WASHINGTON—Surplus lines underwriters outperformed the property and casualty insurance industry’s combined ratio by an average of 10 percentage points for the 2009−2013 period, according to a new report by Fitch Ratings.
The report said direct premium in the U.S. excess and surplus lines insurance market direct written premiums expanded by 8 percent.
Moreover, premium growth is up 5 percent for the first half of 2014, meaning that underwriting profitability is expected to be sustained in 2014. That follows a strong 2013 performance that beat the P&C industry aggregate by almost 10 percentage points on a direct combined ratio basis, the report says.
At the same time, Fitch analysts say in the report that premium growth is expected to continue into 2015, but profitability is likely to decline because of increased capacity, which is leading to pricing pressure. Rate increase growth has already slowed and turned negative in some segments, particularly commercial property, the report said.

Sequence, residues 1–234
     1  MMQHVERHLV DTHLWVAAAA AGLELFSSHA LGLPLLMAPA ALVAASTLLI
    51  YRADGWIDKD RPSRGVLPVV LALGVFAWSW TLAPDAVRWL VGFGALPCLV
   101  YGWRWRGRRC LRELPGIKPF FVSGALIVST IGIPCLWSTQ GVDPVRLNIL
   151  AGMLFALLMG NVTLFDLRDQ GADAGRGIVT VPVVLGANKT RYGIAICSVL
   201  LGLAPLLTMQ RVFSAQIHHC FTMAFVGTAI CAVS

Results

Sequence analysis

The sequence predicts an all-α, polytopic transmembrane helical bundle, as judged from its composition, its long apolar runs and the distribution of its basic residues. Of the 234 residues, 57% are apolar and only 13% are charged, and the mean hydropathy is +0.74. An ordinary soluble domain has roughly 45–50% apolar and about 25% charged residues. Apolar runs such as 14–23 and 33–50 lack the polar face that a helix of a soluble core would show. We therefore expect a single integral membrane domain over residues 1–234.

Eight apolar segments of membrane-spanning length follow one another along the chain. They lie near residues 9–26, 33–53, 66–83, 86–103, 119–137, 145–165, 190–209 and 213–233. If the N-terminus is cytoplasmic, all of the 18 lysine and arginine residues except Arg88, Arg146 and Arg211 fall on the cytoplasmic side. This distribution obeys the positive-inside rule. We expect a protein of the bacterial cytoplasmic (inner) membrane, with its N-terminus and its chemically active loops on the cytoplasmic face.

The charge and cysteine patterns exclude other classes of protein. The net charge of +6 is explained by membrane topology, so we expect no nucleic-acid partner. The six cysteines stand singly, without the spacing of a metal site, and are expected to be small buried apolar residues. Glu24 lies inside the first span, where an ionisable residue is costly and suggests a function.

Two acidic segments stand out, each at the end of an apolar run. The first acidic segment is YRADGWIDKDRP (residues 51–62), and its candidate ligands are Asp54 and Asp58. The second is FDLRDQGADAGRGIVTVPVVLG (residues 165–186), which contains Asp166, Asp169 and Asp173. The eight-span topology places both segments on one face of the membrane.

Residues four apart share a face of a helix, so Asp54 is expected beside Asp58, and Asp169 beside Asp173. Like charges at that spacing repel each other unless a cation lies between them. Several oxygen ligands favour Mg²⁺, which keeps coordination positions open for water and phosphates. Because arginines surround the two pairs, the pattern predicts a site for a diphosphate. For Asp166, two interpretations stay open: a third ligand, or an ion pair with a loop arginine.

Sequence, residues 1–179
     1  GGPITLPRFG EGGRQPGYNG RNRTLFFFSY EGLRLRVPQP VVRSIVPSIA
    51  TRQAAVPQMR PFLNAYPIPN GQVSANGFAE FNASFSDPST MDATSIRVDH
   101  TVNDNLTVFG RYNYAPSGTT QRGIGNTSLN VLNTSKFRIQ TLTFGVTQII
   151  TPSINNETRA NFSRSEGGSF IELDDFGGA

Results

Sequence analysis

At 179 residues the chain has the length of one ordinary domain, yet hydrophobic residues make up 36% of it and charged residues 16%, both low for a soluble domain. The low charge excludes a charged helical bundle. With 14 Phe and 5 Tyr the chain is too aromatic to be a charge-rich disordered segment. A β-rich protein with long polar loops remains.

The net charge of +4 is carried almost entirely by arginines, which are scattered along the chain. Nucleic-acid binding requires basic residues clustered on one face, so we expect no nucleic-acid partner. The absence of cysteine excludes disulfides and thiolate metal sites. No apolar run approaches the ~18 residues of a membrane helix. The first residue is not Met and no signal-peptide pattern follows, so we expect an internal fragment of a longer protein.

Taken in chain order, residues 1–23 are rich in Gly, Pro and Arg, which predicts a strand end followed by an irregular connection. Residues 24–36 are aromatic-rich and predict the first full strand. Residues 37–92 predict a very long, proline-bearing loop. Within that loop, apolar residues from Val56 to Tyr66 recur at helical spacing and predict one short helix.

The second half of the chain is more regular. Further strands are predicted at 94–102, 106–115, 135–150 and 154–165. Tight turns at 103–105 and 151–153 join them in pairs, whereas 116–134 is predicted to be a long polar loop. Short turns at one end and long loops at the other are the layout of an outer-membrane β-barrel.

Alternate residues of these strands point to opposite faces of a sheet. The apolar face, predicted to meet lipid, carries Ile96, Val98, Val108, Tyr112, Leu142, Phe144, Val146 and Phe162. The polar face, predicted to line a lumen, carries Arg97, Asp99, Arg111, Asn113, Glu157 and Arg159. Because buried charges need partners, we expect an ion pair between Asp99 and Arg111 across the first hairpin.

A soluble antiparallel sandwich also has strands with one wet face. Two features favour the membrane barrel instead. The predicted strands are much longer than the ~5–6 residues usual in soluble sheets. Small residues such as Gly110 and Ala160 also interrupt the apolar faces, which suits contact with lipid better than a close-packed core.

Another factor likely to lead to lower profitability is diminishing favorable loss reserve development, which is reducing underwriting performance, and continued low asset yields, which is adversely affecting investment income, the report says.
At the same time, Fitch said that the non-admitted or surplus lines industry constitutes only five percent of the U.S. premiums-written property and casualty market.
The report said higher SL industry premiums are driven by rising rates in various lines, increased exposure due to a continued, albeit slow, economic recovery and a reduced appetite from standard carriers to write non-standard risks.
The report said that Lloyd’s of Lloyds of London and American International Group, Inc. continue to dominate the non-admitted market. The report said Lloyd’s’ premiums grew 13 percent in 2013, while AIG premiums declined 5 percent. The Lloyd’s premiums consisted are gross of outward reinsurance and commissions on a calendar-year basis and excludes pools.